This Malaysian airline is taking accessible travel to the skies

Lainey Loh
By Lainey Loh July 10, 2018 01:55

This Malaysian airline is taking accessible travel to the skies

AS ACCESSIBLE TOURISM continues to be on the rise, more and more companies and brands are stepping up to be accessible travel-friendly.

And one Malaysian airline intends to do the same.

Malaysia’s flag carrier Malaysia Airlines Berhad (MAB) has initiated two training programmes to improve its service in supporting and assisting disabled passengers.

This is in line with its “Malaysian Hospitality” (MH) philosophy, with aims to serve the disabled community better through theoretical lessons and on-hands practical experience handled by disability advocates.

About 5,200 of MAB’s customer-facing employees will be trained in different touch points such as the check-in counters, flight attendants, baggage handlers, and lounge attendants.

The training also includes MAB’s sister companies such as Malaysia Aviation Group, Firefly, MASwing, and Aerodarat Services Sdn Bhd.

Malaysia Airlines is making travel as accessible as possible. Source: Shutterstock.

The training is divided into four comprehensive modules that include the most common disabilities categories:

  1. Reduced mobility
  2. Visual impairment
  3. Hearing impairment
  4. Learning disabilities

Each module is conducted by a certified specialist approved by the Department of Social Welfare and handpicked from the Malaysian Confederation of the Disabled (MCD).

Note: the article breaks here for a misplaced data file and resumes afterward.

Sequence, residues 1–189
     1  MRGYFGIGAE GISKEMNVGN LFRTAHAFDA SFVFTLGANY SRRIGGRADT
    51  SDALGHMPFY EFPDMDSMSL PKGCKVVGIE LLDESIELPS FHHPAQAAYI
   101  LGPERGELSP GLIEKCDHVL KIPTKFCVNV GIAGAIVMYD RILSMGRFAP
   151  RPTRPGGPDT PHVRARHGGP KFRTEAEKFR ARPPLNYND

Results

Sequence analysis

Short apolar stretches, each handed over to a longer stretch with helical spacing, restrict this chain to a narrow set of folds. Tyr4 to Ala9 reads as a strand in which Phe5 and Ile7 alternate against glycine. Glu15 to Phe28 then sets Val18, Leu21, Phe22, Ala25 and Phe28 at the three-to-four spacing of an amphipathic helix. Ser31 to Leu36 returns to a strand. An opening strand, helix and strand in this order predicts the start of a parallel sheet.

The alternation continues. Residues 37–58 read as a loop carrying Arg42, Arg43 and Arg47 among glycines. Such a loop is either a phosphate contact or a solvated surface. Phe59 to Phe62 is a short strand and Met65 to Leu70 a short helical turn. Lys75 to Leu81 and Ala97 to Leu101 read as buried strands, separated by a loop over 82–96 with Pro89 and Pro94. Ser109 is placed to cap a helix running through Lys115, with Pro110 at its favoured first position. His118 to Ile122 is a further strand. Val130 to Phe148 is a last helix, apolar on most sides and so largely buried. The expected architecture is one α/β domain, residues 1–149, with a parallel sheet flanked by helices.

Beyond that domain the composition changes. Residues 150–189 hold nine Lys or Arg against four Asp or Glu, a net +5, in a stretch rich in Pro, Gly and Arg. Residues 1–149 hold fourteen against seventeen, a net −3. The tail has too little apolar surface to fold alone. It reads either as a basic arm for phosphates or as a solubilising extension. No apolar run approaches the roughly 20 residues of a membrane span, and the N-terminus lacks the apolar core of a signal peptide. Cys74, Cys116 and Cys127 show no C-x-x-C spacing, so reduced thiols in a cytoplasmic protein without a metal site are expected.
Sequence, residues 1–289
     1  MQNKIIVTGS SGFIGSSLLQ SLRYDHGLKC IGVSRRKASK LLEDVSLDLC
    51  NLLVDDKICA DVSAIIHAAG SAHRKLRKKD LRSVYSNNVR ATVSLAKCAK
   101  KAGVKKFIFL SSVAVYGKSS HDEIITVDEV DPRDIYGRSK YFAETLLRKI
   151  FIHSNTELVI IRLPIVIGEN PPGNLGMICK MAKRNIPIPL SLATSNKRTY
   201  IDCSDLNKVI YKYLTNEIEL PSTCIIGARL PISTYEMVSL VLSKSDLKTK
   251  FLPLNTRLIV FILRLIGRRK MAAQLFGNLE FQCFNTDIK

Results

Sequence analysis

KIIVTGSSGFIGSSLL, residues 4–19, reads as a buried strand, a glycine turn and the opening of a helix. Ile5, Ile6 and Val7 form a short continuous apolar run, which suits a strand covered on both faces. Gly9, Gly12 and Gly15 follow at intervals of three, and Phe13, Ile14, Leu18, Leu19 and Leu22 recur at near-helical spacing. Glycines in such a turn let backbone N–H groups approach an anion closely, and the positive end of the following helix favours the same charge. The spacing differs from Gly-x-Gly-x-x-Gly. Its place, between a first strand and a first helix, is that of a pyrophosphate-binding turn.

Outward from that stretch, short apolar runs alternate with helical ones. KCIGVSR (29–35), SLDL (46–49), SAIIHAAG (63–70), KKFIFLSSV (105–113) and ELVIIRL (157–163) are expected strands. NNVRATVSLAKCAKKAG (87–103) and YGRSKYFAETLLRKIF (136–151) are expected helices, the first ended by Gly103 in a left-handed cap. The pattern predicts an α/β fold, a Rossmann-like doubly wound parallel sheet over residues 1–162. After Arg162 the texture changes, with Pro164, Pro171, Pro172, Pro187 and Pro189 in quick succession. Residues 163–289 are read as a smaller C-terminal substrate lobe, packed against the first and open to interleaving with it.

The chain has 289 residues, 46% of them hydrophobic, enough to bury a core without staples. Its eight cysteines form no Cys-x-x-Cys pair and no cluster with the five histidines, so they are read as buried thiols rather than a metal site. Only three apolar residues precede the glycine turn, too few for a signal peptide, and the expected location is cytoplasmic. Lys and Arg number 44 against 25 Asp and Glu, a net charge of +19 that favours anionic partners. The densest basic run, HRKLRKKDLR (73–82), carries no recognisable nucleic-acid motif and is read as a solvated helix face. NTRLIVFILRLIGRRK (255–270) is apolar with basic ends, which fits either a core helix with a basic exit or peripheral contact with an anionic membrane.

“Since September last year, we have trained 2,600 of them to be used in their work practices and we are currently on track to completely train our staffs by the end of this year,” Malay Mail quoted MAB Priority Guest Management manager Mohd Zahil Mohd Zuslaini as saying.

The training sessions are mandatory and conducted weekly from Monday until Thursday, 8:30am until 5:30pm daily.

To add on, last month, MAB made its 624 in-flight safety cards available in braille on all its aircraft.

It is the first airline in Malaysia to do so.

The cards in both Bahasa Malaysia and English are designed in braille text to allow visually-impaired passengers to understand the airline’s safety procedures during an emergency.

According to The World Bank, one billion people, or 15 percent of the world’s population, experience some form of disability. One-fifth of the estimated global total, or between 110 million and 190 million people, experience significant disabilities.

And of that figure, more than 26 million adults with disabilities travel for pleasure and/or business, taking 73 million trips, according to an Open Doors Organization (ODO) study.

The post This Malaysian airline is taking accessible travel to the skies appeared first on Travel Wire Asia.

Source: Travels

Lainey Loh
By Lainey Loh July 10, 2018 01:55
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